Samsung Galaxy S6 Edge bends and breaks under less pressure than Apple’s iPhone 6 Plus

“Remember ‘Bendgate?'” Alexis Kleinman asks for The Huffington Post.

“SquareTrade, an electronics insurance company, used its own ‘bend bot’ to put the new Samsung S6 Edge, the new HTC One M9 and the iPhone 6 Plus to the same pressure test,” Kleinman reports. “The iPhone 6 Plus bent at 110 lbs. of pressure, and it completely broke at 179 lbs. The Galaxy S6 Edge also bent at 110 lbs., and its screen cracked at that point… the Galaxy [completely broke] under 149 lbs. of pressure.”

MacDailyNews Note: The Galaxy S6 Edge’s screen smashed under 110 pounds of pressure, whereas the iPhone 6 Plus’ didn’t.

Kleinman reports, “‘Is this ‘Bendgate 2?'” SquareTrade asks in the video. ‘No, but for Samsung fans it may be worse. Instead of a bent phone, they may have a pocket full of glass.'”

Read more in the full article here.

MacDailyNews Take: Cue the hysterical media firestorm that won’t occur because nobody cares about pretend iPhones, only real iPhones.

[Thanks to MacDailyNews Reader “ds” for the heads up.]


      1. So how did the ‘flat’ S6 compare to the 3 phones presented? How much harder could it have been to prepare both the S6 and S6 Edge at the same time? It seems more obvious to the layperson that a curved very thin screen will break at a lower pressure than a flat one.

  1. Why? There’s always a scandal surrounding every Apple device. Despite this being a Samsung phone in the test, it still reminds all the link baiters about the so-called “bendgate” issue with the iPhone. This issue should have been dead and buried a long time ago.

    1. I respectfully disagree. Should the Samsung Edge issue be also considered overblown?

      This is an Apple site, well documented in it’s Apple bias. That’s why people bring it up. Did you really need me to say that?

      1. I disagree with your take, applecynic. The key contentions in the Bendgate “scandal” were that the new iPhones (6/6+) somehow represented a huge step backwards in robustness and that people were inadvertently bending them in large numbers. Neither of those were true.

        These test further support the idea that “Bendgate” was mostly hype in the first place. These competing phones are no more robust, and less so in some ways, than the iPhone 6/6+. As a result, if there is no media shytestorm about these Android phone models, then Bendgate should be dead and buried.

        1. Having always worn my phones in back pockets, and never coming close to bending one, I agree it’s a huge step backwards if we really need to worry about it in real life (probably a much more severe test than this one).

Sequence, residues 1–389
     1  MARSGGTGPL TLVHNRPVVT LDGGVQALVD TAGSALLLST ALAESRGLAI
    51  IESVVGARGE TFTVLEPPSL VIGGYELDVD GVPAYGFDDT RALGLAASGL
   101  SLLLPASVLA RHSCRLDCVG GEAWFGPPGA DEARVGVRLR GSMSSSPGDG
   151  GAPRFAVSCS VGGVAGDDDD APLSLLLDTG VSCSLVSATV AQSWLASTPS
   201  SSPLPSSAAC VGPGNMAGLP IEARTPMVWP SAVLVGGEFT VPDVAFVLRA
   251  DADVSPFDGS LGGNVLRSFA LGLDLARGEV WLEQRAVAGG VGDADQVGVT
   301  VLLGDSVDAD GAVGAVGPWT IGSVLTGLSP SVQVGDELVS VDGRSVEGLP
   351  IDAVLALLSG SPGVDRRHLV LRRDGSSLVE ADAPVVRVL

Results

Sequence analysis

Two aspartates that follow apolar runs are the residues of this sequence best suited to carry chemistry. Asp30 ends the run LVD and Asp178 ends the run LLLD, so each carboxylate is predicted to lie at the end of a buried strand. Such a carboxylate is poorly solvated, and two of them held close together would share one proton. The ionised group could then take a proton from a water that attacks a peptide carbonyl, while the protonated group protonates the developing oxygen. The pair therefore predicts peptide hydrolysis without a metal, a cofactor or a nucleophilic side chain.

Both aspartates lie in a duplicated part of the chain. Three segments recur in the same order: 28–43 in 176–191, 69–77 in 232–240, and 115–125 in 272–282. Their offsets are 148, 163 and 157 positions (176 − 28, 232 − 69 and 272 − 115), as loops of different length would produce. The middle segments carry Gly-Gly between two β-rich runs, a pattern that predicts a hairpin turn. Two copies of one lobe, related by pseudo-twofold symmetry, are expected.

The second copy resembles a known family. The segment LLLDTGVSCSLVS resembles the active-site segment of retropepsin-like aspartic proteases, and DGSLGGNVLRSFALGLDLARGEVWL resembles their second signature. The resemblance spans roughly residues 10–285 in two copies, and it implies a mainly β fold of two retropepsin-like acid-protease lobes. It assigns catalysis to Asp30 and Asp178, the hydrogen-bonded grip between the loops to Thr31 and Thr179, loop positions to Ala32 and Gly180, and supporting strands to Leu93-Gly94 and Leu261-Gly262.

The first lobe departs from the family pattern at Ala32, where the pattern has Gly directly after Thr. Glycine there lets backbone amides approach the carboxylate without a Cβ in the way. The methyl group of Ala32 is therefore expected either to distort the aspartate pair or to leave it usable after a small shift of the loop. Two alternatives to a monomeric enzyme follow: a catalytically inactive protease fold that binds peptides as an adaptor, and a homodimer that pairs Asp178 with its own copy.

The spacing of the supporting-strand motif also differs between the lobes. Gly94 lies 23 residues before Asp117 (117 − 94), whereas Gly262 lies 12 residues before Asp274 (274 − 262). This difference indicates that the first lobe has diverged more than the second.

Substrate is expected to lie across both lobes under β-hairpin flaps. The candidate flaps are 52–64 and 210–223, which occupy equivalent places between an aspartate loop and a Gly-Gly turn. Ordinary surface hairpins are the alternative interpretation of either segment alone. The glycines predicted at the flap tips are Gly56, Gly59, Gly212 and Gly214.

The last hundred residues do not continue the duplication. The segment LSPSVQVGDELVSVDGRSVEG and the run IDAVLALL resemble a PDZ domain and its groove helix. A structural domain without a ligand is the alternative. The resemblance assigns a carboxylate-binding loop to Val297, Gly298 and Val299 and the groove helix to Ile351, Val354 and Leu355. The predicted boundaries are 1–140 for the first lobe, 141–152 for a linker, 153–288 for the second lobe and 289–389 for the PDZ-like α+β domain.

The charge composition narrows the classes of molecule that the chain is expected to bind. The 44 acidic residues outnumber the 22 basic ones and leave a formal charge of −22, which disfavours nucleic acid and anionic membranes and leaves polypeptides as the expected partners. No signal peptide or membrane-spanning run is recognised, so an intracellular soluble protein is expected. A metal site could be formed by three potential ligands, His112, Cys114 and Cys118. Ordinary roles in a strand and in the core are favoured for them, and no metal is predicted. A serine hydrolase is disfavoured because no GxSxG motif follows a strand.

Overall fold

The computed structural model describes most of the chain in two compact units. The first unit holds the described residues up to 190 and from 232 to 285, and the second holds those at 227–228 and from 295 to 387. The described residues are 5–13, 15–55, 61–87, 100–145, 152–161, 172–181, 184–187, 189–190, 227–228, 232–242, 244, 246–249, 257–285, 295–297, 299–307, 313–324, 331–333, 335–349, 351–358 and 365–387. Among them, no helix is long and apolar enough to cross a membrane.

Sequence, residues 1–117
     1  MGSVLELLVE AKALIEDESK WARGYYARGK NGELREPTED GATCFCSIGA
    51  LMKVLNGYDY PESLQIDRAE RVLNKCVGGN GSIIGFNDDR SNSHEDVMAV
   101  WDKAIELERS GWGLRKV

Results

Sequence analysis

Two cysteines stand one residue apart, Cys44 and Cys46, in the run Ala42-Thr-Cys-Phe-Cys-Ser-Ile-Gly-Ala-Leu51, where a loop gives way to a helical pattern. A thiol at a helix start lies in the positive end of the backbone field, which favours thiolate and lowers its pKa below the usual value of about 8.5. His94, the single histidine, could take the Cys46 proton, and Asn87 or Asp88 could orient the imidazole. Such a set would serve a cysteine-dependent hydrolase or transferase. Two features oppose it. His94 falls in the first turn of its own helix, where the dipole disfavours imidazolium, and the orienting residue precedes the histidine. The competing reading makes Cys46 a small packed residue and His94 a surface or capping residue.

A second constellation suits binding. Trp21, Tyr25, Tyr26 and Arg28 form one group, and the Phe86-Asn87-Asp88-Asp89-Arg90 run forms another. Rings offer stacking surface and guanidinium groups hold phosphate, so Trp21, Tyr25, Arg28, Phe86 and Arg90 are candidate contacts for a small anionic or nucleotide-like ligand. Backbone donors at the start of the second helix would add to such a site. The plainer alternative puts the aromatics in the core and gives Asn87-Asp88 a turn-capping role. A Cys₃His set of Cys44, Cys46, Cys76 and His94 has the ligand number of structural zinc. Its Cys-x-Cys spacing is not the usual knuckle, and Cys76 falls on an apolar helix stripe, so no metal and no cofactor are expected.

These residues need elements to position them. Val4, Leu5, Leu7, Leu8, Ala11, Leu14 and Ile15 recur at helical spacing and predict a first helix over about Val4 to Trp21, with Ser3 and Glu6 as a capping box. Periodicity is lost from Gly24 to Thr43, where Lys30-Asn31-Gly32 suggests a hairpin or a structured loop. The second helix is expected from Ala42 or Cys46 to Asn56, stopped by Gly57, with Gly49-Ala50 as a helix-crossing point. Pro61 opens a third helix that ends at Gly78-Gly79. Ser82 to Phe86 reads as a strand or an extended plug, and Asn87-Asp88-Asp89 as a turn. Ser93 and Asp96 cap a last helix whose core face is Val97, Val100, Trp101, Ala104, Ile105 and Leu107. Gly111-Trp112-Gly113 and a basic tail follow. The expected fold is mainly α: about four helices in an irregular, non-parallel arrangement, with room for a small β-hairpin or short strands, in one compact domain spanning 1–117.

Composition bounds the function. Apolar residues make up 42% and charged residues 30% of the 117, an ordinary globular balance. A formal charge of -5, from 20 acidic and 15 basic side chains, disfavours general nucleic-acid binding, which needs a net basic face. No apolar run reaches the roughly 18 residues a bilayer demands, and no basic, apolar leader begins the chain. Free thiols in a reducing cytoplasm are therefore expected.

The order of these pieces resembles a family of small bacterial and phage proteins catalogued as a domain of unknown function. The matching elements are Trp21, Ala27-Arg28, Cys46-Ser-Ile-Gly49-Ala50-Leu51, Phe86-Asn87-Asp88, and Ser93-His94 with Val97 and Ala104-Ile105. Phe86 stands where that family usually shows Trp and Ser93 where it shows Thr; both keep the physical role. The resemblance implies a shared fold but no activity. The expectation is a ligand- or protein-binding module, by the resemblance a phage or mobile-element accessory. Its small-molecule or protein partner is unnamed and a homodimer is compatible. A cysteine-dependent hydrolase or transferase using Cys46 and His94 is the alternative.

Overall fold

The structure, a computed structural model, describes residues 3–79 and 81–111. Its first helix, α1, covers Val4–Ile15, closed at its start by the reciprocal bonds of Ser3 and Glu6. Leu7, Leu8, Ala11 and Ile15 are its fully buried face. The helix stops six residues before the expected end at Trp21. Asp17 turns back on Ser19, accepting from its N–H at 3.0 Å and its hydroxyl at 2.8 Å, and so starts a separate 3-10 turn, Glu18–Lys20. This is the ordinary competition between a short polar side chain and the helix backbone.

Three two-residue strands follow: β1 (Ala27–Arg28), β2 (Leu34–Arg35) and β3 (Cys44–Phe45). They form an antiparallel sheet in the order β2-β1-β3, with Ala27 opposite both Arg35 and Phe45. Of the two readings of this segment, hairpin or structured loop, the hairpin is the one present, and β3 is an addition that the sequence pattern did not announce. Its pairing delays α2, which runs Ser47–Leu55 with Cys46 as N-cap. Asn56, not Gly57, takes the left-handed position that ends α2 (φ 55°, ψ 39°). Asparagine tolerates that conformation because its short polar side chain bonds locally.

Neither phone is in danger of having me as a customer, and I root for no one.

  2. Also, remember that this is 6 or 8 months past bendgate, which means Samsung can’t beg ignorance of the fact that people will be looking at the bend resistance of their phones. I’m sure some engineer(s) said, “hey, wait: look, this thing bends really easily” but they were shut down by upper leadership, who wanted to rush a “better than iPhone iPhone” out the door as quickly as possible.

    1. The only real world difference thus far is no one has yet posted an article of any S6 Edge owner complaining of a bent/broken phone after having it in their back pocket. And ‘evidence’ photos..

  3. I fully agree with the MDN Take on this. When Apple came out with Touch ID, everyone was concerned about the accessibility of the fingerprint data, when Samsung copied Apple the following spring, nary a peep. No one’s going to hear about this unless people start cutting themselves on a pocketful of broken glass.

    1. Got that right…double-standard. We should be used to it by now, but it can still be frustrating. For Apple, failure is defined as the lack of perfection. For others, success is defined by the lack of utter failure.

      1. You might be unpleasantly surprised that I agree with you. Who set those expectations? Apple and their fans. Apple (and fans) put themselves on the perfection pedestal. “Magical” thinking!

  4. “Antennagate” for iPhone 4 was an even bigger so-called “scandal” in the eyes of the media. The media was making all the noise, not actual iPhone customers. And six months later, NO ONE cared anymore. The media acted like it never happened; they were embarrassed by their hyperventilating “disaster coverage.”

    Same with “Bendgate”… No one cares anymore (at least when it comes to iPhones). 🙂

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